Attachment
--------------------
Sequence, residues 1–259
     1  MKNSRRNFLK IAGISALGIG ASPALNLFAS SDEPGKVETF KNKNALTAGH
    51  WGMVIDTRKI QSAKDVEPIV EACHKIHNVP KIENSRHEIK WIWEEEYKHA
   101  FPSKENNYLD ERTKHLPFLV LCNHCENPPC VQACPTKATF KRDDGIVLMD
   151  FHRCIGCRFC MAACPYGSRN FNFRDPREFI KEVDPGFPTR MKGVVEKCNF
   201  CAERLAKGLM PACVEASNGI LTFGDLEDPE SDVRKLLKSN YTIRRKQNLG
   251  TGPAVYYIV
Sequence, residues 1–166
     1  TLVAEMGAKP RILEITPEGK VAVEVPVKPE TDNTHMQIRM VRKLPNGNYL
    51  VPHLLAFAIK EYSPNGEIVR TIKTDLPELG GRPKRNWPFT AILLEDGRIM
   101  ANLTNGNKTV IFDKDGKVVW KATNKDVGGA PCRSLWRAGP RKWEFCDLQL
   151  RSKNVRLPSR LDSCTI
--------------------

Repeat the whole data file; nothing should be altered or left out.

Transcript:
Sequence, residues 1–259
     1  MKNSRRNFLK IAGISALGIG ASPALNLFAS SDEPGKVETF KNKNALTAGH
    51  WGMVIDTRKI QSAKDVEPIV EACHKIHNVP KIENSRHEIK WIWEEEYKHA
   101  FPSKENNYLD ERTKHLPFLV LCNHCENPPC VQACPTKATF KRDDGIVLMD
   151  FHRCIGCRFC MAACPYGSRN FNFRDPREFI KEVDPGFPTR MKGVVEKCNF
   201  CAERLAKGLM PACVEASNGI LTFGDLEDPE SDVRKLLKSN YTIRRKQNLG
   251  TGPAVYYIV
Sequence, residues 1–166
     1  TLVAEMGAKP RILEITPEGK VAVEVPVKPE TDNTHMQIRM VRKLPNGNYL
    51  VPHLLAFAIK EYSPNGEIVR TIKTDLPELG GRPKRNWPFT AILLEDGRIM
   101  ANLTNGNKTV IFDKDGKVVW KATNKDVGGA PCRSLWRAGP RKWEFCDLQL
   151  RSKNVRLPSR LDSCTI